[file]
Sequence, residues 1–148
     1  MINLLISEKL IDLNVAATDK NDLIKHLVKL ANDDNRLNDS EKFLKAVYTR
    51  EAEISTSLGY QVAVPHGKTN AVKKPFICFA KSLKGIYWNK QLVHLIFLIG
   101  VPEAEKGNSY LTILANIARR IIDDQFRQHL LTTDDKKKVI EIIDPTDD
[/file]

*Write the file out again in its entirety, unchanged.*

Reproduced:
Sequence, residues 1–148
     1  MINLLISEKL IDLNVAATDK NDLIKHLVKL ANDDNRLNDS EKFLKAVYTR
    51  EAEISTSLGY QVAVPHGKTN AVKKPFICFA KSLKGIYWNK QLVHLIFLIG
   101  VPEAEKGNSY LTILANIARR IIDDQFRQHL LTTDDKKKVI EIIDPTDD